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Old 02-05-2009, 08:14 PM   #1
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I need a little help with this one guys. Here's the situation: I just installed a disconnect box with two SP breakers and seperate ground rod at the sea wall between my lake house and my boat dock. The disconnect box has separate ground and common terminal bars and the common bar is insulated from the metal of the box. There is an existing 3 W/G line from the house supplying two 120V circuits to the new disconnect panel's two buses, the common wire goes to the common bus bar and the ground wire to the ground bus bar. The Ground bar is also Grounded to the metal on the dock and to the new ground rod. The two 20A GFCI breakers are installed with their fixed white "panel common" attached to the common bar. (NOTE: The intent of the previous home owner was to have two separate 120V circuits on the dock, not to have 240V)

The two load wires from the dock are of course connected to each breaker's load side respectively. The "load common" connectors are tied to the one common wire going out to the dock. With this wiring in place both of the breakers trip immediately when turned on. I know there is no ground fault on the load side because I replaced that wiring.

What follows may trigger a thought from one of you guys. I can disconnect the load common from one of the breakers and the other breaker will work perfectly. If I do this with the other breaker that the opposit one will also work. If I touch the two load common wires together both breakers will trip.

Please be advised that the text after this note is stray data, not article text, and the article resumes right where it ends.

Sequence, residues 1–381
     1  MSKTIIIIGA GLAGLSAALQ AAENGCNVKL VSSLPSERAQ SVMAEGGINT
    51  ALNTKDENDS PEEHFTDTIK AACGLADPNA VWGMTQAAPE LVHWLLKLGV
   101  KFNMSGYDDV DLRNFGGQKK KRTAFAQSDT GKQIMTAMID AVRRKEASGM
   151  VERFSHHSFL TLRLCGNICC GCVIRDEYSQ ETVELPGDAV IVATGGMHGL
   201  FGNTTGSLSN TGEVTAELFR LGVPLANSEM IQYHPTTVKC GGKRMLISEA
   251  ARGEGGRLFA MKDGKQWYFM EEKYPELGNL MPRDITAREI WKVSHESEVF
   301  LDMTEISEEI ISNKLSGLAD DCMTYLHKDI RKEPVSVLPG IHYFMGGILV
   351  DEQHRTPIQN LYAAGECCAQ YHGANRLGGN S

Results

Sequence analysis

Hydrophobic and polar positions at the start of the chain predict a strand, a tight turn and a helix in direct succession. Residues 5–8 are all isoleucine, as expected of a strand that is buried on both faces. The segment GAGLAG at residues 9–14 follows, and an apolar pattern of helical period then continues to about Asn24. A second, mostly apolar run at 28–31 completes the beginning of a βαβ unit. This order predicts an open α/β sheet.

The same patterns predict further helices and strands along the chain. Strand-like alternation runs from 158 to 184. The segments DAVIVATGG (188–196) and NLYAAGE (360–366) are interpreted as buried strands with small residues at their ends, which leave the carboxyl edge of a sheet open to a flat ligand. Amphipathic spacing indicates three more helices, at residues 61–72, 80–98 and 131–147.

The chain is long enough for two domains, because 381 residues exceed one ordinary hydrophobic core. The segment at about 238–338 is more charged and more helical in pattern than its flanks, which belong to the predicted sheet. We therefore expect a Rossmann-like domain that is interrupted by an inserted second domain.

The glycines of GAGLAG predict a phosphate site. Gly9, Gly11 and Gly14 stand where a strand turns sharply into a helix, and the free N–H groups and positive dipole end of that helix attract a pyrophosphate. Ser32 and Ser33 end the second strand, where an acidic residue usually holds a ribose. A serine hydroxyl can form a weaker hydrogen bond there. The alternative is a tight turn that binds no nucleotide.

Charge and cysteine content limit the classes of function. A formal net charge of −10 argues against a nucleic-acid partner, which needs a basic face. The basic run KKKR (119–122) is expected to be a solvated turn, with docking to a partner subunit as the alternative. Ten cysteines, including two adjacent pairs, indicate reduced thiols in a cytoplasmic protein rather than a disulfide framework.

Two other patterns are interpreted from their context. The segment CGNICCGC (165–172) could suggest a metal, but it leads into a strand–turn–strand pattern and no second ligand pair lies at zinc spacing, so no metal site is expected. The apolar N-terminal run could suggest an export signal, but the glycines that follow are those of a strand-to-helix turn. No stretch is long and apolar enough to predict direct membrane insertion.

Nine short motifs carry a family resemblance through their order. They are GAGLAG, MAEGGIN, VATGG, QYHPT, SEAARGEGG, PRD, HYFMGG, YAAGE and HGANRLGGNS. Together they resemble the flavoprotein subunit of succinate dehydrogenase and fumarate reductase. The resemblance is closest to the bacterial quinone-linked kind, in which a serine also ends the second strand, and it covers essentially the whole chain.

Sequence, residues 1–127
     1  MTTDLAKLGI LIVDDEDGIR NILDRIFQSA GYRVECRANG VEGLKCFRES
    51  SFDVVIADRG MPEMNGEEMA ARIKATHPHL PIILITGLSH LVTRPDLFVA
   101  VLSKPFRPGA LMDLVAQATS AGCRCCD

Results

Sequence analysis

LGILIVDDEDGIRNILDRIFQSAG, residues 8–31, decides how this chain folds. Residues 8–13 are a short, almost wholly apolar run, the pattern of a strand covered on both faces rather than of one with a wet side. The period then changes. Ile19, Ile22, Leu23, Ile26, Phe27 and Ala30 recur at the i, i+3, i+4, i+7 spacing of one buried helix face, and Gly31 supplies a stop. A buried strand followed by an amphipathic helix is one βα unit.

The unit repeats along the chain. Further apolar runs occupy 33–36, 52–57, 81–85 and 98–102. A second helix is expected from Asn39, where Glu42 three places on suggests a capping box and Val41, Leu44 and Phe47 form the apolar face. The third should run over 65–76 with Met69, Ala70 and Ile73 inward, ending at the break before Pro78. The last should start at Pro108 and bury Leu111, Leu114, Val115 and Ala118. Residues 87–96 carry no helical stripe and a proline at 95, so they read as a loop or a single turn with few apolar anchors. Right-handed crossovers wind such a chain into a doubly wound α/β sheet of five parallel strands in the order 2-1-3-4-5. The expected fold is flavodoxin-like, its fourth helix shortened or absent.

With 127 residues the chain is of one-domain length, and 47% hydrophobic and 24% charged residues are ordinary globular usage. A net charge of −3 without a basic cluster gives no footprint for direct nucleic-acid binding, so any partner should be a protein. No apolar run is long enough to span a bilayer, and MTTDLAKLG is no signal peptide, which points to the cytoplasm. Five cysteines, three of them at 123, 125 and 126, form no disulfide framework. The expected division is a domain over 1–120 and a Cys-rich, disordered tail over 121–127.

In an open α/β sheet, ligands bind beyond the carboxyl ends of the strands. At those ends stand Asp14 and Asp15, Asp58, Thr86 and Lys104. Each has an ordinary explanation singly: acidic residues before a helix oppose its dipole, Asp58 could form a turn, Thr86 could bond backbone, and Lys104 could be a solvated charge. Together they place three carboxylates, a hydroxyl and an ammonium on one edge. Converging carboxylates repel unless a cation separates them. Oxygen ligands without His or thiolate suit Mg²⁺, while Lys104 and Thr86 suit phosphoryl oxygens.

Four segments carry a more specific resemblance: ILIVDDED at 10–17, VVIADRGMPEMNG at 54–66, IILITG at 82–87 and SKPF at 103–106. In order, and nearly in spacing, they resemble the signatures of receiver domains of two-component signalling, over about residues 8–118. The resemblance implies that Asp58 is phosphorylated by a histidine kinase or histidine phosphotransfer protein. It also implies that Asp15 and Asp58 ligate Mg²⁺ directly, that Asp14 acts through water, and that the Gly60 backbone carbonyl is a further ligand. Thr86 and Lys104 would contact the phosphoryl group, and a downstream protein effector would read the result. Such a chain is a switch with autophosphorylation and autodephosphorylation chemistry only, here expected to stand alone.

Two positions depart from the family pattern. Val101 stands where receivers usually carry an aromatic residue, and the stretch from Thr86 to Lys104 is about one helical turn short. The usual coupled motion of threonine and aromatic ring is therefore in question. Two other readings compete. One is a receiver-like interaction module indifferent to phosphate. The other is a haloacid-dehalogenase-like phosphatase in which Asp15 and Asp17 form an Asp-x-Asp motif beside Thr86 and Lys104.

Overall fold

I'm beginning to think that this problem may be related to a phase issue at the house panel. I haven't pulled the panel cover yet but the two breakers are one on top of the other so they are probably on different phases. Does anyone think this is the problem? If so I can simply move the house breakers around and solve it. The other possibility do I need separate common wires to the dock. How about using a DP GFCI Breaker

As always, I will appreciate any help I can get on this.
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Old 02-05-2009, 08:24 PM   #2
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Gfis detect a 5ma current imbalance, by crossing the commons, current traveled down a separate neutral, current was flowing through the hot of the gfi, but not back on the neutral of it.

You need two separate neutrals for these circuits.

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Old 02-05-2009, 08:50 PM   #3
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For the GFCI's to work properly, you must have two separate neutrals, one to each load.
You must make sure that the LOAD side of the GFCI breaker is wired so that its hot and neutral feed the same load.